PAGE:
unless somebody else in a closely-related branch of the same family has
already confirmed this with documentary records.
Working backward, such research begins with vital statistic records to
1820, then church records (baptisms, marriages, etc.) and tax census acts
into earlier centuries. That's how it works.
It is important to remember that fundamental research using scientific
methods applies as much to a purportedly Jewish lineage as to any other.
If, arriving at a point around 1550 - which is quite possible in Sicily
- one encounters a series of typically Jewish given names in a locality
known to have had a Jewish population, then the proof is self-evident. On
the contrary, simple speculation about a surname being exclusively "Jewish"
(when Sicily has reliable onomastic references which may refute such a theory)
does not constitute valid research.
(See the genealogy page for basic information on tracing Sicilian lineages.)
The magic of DNA
is a growing field. Companies such as Family Tree DNA (in the US) can confirm
a haplogroup and even identify a haplotype typical of Jews, such as the
Cohen Modal Haplotype. It is presumed that in Sicily most Jewish families
were in Y haplogroup J1 or J2. But so were most non-Jews descended from
Greeks and Arabs, and many of them also have the Cohen Modal Haplotype.
The point to be made regarding genetic genealogy, useful as it is, is
that in the great majority of cases it answers a few general questions but
not too many specific ones. It should be pursued in combination with "traditional"
documentary genealogy, not apart from it.
Without documentary research, even a "coincidence" cannot prove
Jewish ancestry. For example, having an allegedly Jewish surname (that is
non-Judaic onomastically) and testing positive for the Cohanim Modal Haplotype
does not conclusively establish a Jewish link.
The relevance of culinary, folk and oral traditions should not be dismissed
out of hand, but several points should be considered and three questions
should be asked: Where did the tradition come from? How was it most likely
brought into the family and how long has it been in the family? How does
it fit into the context of Sicilian
• In many cases, a certain culinary tradition which coincides with kosher
observance may well be Jewish in origin, particularly if it is followed
in a locality that had a Jewish community before 1493, but this cannot be
taken to imply that a specific family was Jewish. The tradition may well
have been adopted by the entire locality. Also, certain traditions were
followed by more than one religious group; the dearth of pork recipes in
Sicily is as much a Muslim characteristic as it is a Jewish one. Sicily
is the world's most conquered island, so its cuisine is full of "foreign"
influences. Not everybody who prepares arancine (rice balls) is descended in the male
line from Sicily's Muslim Arabs.
• Certain customs are not Judaic per se. The Inquisition
tortured a young woman because she reportedly changed her undergarments
every Saturday, this being the Jewish Sabbath. She swore she was not engaging
in a Jewish custom but something her mother had taught her to do. In those
times most people did not bathe or change their clothes every day. Nevertheless,
it's shocking to think that a Sicilian woman was punished for changing her
underwear - on whatever day of the week!
• The sad truth (the Inquisition aside) is that until the last decades
of the nineteenth century "ordinary" Sicilians knew precious little
about their own social history. The average person had no real knowledge
of the Elymians, the Greeks, the Muslims or the Jews, and into the latter
decades of the nineteenth century illiteracy was over 75 percent. Granted
that they arrived in Sicily quite recently and were allowed to practice
their religion (so we do not have a precise analogy), the Albanians
know their Byzantine history and language. True, the former Jews had to
keep many traditions hidden from Catholic authorities. Still, unless the
"tradition" in question is overwhelmingly evident, such as an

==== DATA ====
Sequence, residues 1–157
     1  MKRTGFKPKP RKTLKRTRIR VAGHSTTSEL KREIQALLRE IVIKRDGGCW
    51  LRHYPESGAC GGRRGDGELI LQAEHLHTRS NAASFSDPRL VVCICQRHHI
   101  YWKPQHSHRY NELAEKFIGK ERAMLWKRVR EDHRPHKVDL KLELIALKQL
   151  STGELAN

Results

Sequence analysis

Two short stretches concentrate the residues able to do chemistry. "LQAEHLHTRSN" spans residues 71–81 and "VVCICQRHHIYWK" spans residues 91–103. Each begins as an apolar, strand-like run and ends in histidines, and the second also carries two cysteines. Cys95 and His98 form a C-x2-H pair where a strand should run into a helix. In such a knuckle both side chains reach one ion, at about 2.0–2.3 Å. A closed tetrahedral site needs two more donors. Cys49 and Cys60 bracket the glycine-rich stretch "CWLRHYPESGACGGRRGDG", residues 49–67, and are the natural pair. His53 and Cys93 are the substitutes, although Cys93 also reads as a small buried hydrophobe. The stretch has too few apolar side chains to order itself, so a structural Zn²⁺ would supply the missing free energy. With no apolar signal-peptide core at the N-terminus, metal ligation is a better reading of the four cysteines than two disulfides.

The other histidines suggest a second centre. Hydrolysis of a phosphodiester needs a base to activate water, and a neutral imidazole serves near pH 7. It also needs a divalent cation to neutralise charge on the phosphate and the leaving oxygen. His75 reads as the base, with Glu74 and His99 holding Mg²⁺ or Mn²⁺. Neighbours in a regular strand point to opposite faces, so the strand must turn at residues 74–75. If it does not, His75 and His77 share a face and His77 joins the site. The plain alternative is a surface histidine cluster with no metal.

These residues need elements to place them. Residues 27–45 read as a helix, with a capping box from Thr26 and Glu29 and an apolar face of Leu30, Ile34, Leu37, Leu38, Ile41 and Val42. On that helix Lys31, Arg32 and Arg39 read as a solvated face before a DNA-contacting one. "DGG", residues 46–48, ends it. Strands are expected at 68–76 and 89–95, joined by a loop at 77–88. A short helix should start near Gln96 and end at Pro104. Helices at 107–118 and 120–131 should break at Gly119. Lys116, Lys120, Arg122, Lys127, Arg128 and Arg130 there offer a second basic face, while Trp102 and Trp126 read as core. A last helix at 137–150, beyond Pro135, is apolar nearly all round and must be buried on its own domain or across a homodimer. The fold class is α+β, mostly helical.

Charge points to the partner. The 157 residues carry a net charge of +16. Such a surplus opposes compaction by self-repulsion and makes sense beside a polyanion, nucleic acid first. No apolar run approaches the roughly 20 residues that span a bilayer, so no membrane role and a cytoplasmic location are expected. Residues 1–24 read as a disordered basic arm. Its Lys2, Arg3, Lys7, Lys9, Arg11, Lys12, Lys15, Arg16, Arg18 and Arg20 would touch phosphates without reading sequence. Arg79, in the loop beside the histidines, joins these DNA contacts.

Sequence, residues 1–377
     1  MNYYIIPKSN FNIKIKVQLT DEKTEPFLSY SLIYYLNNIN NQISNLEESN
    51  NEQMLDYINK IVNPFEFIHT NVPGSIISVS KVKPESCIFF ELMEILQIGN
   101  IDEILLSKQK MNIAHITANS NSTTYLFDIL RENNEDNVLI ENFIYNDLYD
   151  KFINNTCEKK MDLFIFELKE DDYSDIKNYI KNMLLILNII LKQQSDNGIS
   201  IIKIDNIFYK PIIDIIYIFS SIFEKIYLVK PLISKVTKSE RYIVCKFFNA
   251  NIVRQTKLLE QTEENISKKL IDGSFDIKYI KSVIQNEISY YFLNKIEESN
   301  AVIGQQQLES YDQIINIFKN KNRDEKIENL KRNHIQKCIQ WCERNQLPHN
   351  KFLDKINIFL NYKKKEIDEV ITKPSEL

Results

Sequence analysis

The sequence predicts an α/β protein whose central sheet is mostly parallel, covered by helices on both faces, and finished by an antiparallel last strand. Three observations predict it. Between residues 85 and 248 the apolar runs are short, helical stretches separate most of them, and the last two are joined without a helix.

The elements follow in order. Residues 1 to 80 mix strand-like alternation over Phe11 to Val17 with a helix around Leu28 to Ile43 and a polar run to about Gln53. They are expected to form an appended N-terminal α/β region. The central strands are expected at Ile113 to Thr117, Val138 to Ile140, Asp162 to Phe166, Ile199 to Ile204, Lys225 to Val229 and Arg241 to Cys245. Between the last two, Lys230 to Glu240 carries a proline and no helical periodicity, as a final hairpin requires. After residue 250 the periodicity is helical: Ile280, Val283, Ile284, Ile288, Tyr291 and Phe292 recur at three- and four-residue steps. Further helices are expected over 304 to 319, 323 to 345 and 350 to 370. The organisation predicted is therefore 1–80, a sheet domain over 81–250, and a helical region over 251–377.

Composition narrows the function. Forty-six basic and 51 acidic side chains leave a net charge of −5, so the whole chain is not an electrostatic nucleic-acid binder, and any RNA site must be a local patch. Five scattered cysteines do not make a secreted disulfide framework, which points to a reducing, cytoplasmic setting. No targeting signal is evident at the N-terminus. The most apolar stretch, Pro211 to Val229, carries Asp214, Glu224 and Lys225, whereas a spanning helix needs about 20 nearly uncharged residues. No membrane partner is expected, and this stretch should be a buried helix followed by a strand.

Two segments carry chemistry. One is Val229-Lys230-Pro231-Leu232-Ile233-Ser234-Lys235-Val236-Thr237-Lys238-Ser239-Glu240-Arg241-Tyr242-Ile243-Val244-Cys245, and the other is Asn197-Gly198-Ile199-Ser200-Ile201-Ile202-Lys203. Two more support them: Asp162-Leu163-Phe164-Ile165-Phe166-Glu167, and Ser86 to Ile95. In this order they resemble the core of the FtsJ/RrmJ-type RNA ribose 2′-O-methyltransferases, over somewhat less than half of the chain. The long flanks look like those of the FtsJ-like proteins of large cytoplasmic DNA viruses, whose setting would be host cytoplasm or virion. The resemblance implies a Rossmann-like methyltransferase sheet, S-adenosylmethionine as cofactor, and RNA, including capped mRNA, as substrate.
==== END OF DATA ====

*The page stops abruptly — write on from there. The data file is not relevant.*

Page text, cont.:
actual practice (sitting shiva) rather than a "family legend,"
it should be taken with a few grains of salt.
• Sicily's Jews were a highly literate population boasting a strong tradition
of learning. While generalities should be avoided (for there are always
exceptions), and though socio-economic vicissitudes take their toll over
time, it makes sense that a christianised family willing to keep certain
Jewish traditions over several centuries would also have maintained a culture
of at least basic literacy. By 1492, most Sicilians were illiterate, but
not the Jews! It could be argued that strong traditions die a very slow
death, so it is rather unlikely (but not impossible) that a family shown
to be illiterate farm workers from 1850 back to circa 1550 were Jews in
• As regards historical research, the statement that "We were Jews"
should be treated with the same caution and objectivity as "We were
of the nobility." The difference, of course, is that connections to
the aristocracy are easier to prove or disprove. Again, we have the example
of the Albanians, who arrived in Sicily just as the Jews were leaving (or
converting); they seem to have maintained certain traditions despite the
Inquisition and other challenges to the practive of their faith (being Greek
Orthodox rather than Roman Catholic). Their traditions were not those of
the Jews, but the point is that historical continuity consists of more than
hearsay or an oral "tradition" invented just a few generations
• It should be noted that specific familial traditions survive from all
of Sicily's historical faiths. The tradition of fasting (from meat) not
only on Fridays but on Wednesdays is not originally Roman Catholic but Greek
Orthodox in origin. Sicily's Christians were all Orthodox before the arrival
of the Normans in 1061.
Statistical models are important in population studies. If Sicily's Jewish
population in 1492 was less than 10% (probably less than 8%) of the general
populace, and if at least half of these families emigrated in 1493, with
very few returning, nothing short of a disproportionately high birth rate
among their descendants in the male line over the last five centuries could
leave us with very many Sicilians descended in the male line from Jews.
Taking into account such factors as genetic drift and "bottlenecks,"
it is clear that Jewish ancestry in Sicily must be far less frequent than,
for example, descents from Greeks and Arabs.
The expulsions and conversions in the Kingdom of Naples (most of peninsular
Italy south of Rome) were essentially complete by 1553. A greater residual
presence of Judaic traditions was preserved in some isolated localities
in Apulia, Calabria and Basilicata.
Sicily has scant archaeological traces of Judaism - no standing synagogues
(except those over which churches were built) but a few inscriptions and
the vestiges of two mikvahs (ritual baths), in Siracusa and Palermo.
About the Author: Luigi Mendola is a historian based in Sicily.